Tattoos and Chronic Illnesses

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[Image shows three spoons on a laptop keyboard, in the centre there is a white banner outlined in black, with words in black text that read “Tattoos and Chronic Illnesses” with two interlocking green and purple awareness ribbons above the text”]

Tattoos and piercings used to be considered taboos almost in the United States, but are now approaching a relative norm. Typically people pick something that means a lot to them to put on their skin forever, other just pick pretty things, or there are the occasional inebriated decision that leads to you picking the name of that ex you missed at 2am that you will inevitably regret and get covered up in a month. Regardless of what you get, tattoos are everywhere anymore.

When I was younger (maybe 15 or so), I knew I wanted to get a purple awareness ribbon for Crohn’s since I had struggled with it most of my life. Of course by the time 18 rolled around, I was actually too nervous to get a tattoo. I put it off for almost a year. I was diagnosed with Gastroparesis in that time and decided I wanted to do something with both ribbons. Every time I went to call the tattoo place my hands would get shaky and I would think back to the videos my friend had showed me on youtube of a grown man throwing a fit because he was in pain. I was terrified that I would start to get a tattoo, wouldn’t be able to handle the pain and end up leaving with an unfinished tattoo.

So I continued to put it off til December, my friend and I were hanging out. She had just gotten her license and a job and wanted to get her septum pierced. She wanted me to get mine pierced too but I didn’t want to give my grandmother a heart attack by coming home with a piercing. While my friend sat there and talked to the piercer. I talked to one of the Tattoo Artists at the Lure  (Click to go to their facebook page). And I decided to make an appointment for the next month and put down a down payment.

Robert, the artist, drew up a quick sketch and showed me and I was excited, still nervous, but excited. I mentioned that I also had some other issues like possible Ehlers Danlos which can cause extra stretchy skin and a slower healing rate. He went out of his way to do some research on it before the tattoo date.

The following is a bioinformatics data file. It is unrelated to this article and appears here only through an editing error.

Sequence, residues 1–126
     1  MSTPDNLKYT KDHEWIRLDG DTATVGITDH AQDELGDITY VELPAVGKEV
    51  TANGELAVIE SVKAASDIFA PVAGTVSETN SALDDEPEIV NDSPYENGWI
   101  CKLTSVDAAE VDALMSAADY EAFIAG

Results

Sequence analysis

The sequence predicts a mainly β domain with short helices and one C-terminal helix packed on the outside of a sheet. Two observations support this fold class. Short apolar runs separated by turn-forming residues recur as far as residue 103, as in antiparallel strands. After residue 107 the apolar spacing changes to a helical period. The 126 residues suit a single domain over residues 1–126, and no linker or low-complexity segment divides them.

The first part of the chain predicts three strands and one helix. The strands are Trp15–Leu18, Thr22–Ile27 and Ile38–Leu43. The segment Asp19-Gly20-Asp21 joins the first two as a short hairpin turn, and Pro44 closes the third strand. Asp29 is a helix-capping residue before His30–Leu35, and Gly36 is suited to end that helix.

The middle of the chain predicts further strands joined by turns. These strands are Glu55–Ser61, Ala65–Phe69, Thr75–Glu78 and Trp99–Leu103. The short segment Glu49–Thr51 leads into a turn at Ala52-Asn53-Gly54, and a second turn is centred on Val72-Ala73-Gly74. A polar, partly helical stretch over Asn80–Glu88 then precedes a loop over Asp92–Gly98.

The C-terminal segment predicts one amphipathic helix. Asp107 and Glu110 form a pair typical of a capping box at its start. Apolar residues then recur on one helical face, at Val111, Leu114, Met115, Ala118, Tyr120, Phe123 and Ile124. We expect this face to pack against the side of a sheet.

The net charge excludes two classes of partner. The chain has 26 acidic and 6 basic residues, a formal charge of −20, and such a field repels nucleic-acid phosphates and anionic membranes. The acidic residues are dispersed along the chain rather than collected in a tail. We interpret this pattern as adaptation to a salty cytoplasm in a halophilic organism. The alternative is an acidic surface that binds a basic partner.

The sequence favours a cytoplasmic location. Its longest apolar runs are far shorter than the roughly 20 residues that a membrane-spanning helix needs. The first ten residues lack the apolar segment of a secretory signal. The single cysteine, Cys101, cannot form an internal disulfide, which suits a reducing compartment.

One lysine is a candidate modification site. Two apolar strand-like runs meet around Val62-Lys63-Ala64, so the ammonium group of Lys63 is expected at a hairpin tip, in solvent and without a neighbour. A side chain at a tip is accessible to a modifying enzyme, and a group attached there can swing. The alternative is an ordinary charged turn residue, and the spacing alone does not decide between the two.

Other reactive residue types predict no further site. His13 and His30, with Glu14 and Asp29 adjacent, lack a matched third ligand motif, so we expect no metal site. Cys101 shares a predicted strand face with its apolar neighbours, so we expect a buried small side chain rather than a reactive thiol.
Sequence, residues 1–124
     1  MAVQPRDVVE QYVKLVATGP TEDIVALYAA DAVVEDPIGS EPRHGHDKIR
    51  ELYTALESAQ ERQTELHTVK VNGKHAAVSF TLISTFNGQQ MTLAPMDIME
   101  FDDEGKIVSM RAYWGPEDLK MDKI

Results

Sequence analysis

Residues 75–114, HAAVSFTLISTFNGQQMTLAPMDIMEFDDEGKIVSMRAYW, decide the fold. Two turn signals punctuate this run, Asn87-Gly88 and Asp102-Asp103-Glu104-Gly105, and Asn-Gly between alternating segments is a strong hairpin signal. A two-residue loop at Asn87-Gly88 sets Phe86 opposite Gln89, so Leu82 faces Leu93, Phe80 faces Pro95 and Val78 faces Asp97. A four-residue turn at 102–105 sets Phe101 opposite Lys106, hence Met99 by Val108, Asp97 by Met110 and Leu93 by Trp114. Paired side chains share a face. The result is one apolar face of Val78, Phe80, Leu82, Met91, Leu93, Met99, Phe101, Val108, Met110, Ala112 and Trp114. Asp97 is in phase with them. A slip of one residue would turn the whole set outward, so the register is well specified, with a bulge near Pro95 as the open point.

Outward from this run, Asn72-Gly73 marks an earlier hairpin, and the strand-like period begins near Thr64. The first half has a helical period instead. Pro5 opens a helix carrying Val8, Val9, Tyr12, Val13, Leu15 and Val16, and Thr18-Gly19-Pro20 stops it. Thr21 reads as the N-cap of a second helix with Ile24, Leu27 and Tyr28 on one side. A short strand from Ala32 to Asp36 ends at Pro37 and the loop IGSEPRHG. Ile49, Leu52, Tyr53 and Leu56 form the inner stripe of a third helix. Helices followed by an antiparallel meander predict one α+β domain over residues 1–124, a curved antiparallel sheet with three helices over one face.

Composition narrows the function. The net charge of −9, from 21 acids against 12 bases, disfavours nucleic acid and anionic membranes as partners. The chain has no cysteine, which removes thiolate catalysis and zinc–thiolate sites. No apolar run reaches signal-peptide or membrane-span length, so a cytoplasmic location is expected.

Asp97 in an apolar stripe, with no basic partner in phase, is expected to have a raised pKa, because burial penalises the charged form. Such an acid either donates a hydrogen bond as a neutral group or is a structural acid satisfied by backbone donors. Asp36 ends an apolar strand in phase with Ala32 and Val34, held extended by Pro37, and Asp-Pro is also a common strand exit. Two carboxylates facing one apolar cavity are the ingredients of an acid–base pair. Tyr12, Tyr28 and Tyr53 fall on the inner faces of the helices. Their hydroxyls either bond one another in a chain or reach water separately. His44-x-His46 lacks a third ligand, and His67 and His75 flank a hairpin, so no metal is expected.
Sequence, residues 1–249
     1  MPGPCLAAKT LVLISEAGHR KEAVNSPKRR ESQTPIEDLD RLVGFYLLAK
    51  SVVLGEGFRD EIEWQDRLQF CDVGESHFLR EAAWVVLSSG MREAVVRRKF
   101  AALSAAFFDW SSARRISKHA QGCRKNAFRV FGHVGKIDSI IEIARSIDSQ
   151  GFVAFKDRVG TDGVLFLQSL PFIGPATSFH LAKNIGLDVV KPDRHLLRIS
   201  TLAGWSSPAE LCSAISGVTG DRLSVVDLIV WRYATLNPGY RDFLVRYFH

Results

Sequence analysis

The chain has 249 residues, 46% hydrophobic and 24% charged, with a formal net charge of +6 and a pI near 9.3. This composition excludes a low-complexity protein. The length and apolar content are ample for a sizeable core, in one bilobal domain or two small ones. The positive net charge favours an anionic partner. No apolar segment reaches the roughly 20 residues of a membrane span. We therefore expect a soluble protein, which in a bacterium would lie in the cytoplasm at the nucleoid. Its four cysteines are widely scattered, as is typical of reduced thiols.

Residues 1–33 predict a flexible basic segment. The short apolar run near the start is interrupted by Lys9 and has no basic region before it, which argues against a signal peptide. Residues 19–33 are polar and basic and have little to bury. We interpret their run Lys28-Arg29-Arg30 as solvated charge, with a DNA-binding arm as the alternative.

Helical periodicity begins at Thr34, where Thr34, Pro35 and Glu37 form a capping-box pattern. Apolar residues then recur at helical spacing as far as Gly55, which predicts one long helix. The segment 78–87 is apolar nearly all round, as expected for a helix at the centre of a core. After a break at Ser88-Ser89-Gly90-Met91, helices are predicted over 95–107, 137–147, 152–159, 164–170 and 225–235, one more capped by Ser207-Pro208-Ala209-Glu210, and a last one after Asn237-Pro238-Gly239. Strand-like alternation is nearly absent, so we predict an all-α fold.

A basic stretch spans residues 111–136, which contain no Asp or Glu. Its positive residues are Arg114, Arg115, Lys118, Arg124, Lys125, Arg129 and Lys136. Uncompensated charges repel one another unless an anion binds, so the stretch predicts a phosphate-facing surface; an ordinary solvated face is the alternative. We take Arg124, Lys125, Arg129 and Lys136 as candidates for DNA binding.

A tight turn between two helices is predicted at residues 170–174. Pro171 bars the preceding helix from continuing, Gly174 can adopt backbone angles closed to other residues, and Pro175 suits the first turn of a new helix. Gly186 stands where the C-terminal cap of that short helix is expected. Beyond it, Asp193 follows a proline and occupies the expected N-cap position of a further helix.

My friend and boyfriend were shocked and told me they bet I would chicken out before the day came. This wasn’t the first time they had made bets with me. I once remember my boyfriend betting me I wouldn’t be able to put down my own NG tube. I hate when people tell me that they don’t think I can do something, only makes me want to do it more so I can prove a point.

Of course though shortly after Christmas, a week before I was to go and get my tattoo I came down with a horrible cold and turned out I had mono. I didn’t want to risk anyone else’s health by getting a tattoo while I had mono, so I called and rescheduled. Though I was partially tempted to just call the thing off.

February came around though and when the day came I was psyched, but my hands still shook as I tried to contemplate in my head how good my pain tolerance was. I kept trying to tell myself I had been through worse pains with my Crohn’s, Gastroparesis, EDS, etc, so a tattoo should be nothing in comparison. I was still nervous.

I remember I sat down and asked him to explain things step by step because it makes me less anxious if I know how things work. I had remembered hearing horror stories from my mom that it’s like they take a small razor and cut the design into your skin and what not. I think it might have been a bit of an exaggeration or maybe that was how they used to do tattoos, I’m not sure.